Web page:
This is the saddest place I have ever visited.


Tuesday, September 28, 2010

Work Day

Monday was a workday for everyone. All of the women met at a conference center to work on the humanitarian aid packs. There were women packing bags with hygiene items, and women making packets for the children. Some women were scattered about the room chatting and sewing on quilts or making beaded jewelry. What you hear is what makes this scene unusual: three different languages all being spoken at the same time. The room is filled with the Gold Star moms, the Kurdish women and the women from Baghdad, making the room a musical mixture of Arabic, Kurdish and English. It’s amazing how much communication can happen between the eyes and the hands. Everyone was helping each other, some of the Iraqi women speak both Kurdish and Arabic and are always there to help interpret, but they usually are not needed. When the words fail, the body language takes over, and it always works. Besides the sewing and packing there is lots of picture taking. The ANFAL Widows especially like to have their photos made with the Gold Star moms.

I have learned that the best tool of communication I have is my camera. Everyone loves the camera. They see it and strike a pose or wave or grin from ear to ear, but there is always a reaction. They are not a shy people.

Monday night we were treated to a quite a feast at a private palace. This trip is very important to the Iraqi people. They are welcoming these women with open arms and going out of their way to make sure they are treated with the utmost respect.

When you go to an important dinner in Iraq, you start out in a sitting room with a bottle of water, you chat and mingle with each other then move to the dinner table. You take an appropriate amount of time to eat then you move to either a smoking room or you go to a room for hot tea and fresh fruit. Couches and chairs line the walls of the rooms so the center is left open for mingling and a spread of fruit and cheese. So dinners take a long time. After dinner we were taken to watch an Islamic Religious Ceremony. As a Christian, I found it very disturbing, and I don’t remember ever being so thankful for being born in the United States.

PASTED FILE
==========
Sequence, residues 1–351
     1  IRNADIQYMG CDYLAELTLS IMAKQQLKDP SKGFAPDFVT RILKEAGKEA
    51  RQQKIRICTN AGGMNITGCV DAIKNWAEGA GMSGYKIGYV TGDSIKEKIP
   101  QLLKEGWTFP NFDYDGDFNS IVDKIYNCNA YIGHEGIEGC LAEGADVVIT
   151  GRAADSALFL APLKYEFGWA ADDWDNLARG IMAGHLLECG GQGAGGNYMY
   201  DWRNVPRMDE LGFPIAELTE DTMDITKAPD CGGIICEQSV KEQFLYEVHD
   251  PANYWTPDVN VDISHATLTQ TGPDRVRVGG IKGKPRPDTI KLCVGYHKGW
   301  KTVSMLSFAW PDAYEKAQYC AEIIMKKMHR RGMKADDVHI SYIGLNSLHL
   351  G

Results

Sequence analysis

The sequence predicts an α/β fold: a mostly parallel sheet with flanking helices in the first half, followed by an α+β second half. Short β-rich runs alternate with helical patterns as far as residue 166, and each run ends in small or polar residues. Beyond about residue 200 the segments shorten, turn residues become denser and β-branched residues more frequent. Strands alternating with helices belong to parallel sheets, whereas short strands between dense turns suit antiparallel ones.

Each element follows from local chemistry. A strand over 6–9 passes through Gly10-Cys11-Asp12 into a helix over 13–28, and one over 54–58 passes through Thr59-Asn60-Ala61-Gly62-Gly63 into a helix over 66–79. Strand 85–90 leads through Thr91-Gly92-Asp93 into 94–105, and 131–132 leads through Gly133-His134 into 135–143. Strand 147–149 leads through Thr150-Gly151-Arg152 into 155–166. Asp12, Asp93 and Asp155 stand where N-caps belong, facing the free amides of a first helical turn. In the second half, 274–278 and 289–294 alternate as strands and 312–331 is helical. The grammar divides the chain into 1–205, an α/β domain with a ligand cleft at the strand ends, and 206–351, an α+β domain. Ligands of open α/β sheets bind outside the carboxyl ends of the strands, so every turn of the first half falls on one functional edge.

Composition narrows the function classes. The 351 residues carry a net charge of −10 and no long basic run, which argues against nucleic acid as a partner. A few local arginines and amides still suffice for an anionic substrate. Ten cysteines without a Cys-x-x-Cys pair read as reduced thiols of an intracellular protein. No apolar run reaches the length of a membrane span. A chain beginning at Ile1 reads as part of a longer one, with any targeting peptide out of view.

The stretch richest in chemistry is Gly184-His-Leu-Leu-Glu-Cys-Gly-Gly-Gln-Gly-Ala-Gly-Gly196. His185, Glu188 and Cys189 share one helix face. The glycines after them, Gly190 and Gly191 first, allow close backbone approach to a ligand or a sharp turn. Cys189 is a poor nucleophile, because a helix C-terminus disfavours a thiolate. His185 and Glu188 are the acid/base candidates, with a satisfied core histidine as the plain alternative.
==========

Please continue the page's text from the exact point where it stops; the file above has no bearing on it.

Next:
We did manage to go shopping in The People’s Suk in the afternoon. Let’s just say it’s like the Anderson Jockey lot on steroids. But it was the first chance we’ve had to be among the Kurdish people and see how they live and work.

It was a good day.


Sunday, September 26, 2010

The Anfal Widows

Without getting into too much history, The Anfal Widows group was formed after Saddam Hussein's regime launched chemical warfare against the Iraqi Kurds, targeting mostly men. This left many widows and at the time it was against the law for a woman to remarry. It is no longer against the law but the majority of these women have never remarried.

First we all watched a documentary of the chemical attacks and some of the widows were openly upset. Some cried, some covered their eyes and couldn't watch. One sweet lady just looked down through the entire documentary, wringing her hands. They estimate that over 182,000 people were killed during the campaign.

The Widows came to show their appreciation and thanks to the Gold Star Moms. Even after 22 years, the pain registers on the faces of these women like it happened yesterday. I have never witnessed "thanks" expressed like this.